By MICHELLE WILLIAMS, Capital News Service/Maryland Newsline
UNIVERSITY PARK, Md. (Feb. 10, 2008) - Forget Wall Street experts. Your community's trash might be another indicator of how well the economy is doing—at least according to one Maryland mayor.
University Park Mayor John Tabori told council members at a town meeting this week that the high levels of trash the town generated at the beginning of the decade spoke to the economy's health.
"If you look at the trash tonnage, it correlates with the economy. (Tonnage increased when) people were buying more," Tabori said.
And, on the flip side, last year's drop in town trash levels tracks with the drooping economy, he said.
The level of town trash rose from 1,033 tons in 1999 to a peak of 1,563 tons in 2006, he said. In 2007, after the housing market had cooled and subprime mortgage defaults had risen, the town's trash totals slipped to 1,448 tons, the mayor said.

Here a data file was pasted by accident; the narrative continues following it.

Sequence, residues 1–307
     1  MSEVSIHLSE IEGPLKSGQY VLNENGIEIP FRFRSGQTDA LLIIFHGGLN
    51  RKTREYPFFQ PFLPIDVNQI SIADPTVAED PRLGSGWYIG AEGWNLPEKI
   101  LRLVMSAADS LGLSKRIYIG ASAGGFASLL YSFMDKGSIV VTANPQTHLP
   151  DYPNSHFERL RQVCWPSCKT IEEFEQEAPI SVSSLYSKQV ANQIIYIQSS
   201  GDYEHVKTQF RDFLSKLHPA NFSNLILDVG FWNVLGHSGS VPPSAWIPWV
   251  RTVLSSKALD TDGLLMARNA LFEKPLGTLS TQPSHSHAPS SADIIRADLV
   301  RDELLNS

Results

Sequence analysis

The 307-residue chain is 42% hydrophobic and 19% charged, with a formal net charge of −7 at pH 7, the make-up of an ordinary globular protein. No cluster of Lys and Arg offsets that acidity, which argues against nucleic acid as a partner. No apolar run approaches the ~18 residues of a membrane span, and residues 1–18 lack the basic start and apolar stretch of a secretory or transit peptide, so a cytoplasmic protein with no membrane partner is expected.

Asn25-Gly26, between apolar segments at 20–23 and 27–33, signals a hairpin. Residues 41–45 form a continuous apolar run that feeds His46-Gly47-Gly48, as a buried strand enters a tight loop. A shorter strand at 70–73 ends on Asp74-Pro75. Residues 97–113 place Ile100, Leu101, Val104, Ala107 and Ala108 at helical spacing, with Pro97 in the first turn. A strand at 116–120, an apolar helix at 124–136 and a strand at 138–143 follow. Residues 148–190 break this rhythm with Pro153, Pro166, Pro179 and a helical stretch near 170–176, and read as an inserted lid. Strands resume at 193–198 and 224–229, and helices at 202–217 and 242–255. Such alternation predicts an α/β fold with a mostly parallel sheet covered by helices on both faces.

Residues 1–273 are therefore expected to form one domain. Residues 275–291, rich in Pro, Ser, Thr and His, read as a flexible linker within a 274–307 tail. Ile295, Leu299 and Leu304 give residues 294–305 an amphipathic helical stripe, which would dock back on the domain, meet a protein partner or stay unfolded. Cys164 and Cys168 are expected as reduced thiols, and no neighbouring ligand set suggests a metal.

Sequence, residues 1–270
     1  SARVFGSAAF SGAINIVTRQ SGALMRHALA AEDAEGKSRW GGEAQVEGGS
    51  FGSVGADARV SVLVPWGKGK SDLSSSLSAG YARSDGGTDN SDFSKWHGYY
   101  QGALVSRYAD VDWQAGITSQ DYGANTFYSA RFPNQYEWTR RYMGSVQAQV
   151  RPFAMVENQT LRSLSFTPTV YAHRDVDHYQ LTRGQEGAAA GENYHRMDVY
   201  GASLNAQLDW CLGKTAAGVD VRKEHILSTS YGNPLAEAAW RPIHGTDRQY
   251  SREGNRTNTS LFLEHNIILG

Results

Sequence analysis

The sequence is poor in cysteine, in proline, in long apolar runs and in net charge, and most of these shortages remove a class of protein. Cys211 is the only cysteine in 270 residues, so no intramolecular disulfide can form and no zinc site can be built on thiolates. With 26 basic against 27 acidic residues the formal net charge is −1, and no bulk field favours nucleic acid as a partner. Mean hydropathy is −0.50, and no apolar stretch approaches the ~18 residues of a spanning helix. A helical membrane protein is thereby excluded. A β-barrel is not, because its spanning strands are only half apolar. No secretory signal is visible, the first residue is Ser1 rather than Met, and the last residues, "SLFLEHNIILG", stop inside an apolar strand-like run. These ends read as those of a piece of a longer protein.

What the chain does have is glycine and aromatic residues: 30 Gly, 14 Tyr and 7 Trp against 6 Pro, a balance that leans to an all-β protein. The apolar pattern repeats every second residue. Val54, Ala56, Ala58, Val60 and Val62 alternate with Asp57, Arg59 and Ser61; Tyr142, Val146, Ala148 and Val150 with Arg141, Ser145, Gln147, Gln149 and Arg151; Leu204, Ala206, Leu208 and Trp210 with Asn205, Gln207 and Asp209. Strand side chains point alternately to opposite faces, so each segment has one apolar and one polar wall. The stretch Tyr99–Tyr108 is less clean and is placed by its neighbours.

Construction in the town during the early part of the decade and a fair number of house re-sales were possible reasons for the trash increases through 2006, the mayor and council members said. Younger families started moving in, and younger familes tend to generate more trash because there are more people in the household, Tabori said.
Jeffrey Michael, a Towson University associate professor in economics, said there is some truth to the trash-economy correlation.
"If there is less building going on and less building material going to the dump, then sure," Michael said.
Ward 7 Councilman Bradley Carpenter said that using the trash collection numbers is an interesting way of looking at the community's economic health.
"So if we see the mayor running around looking at trash," Carpenter said, "we know it's just research."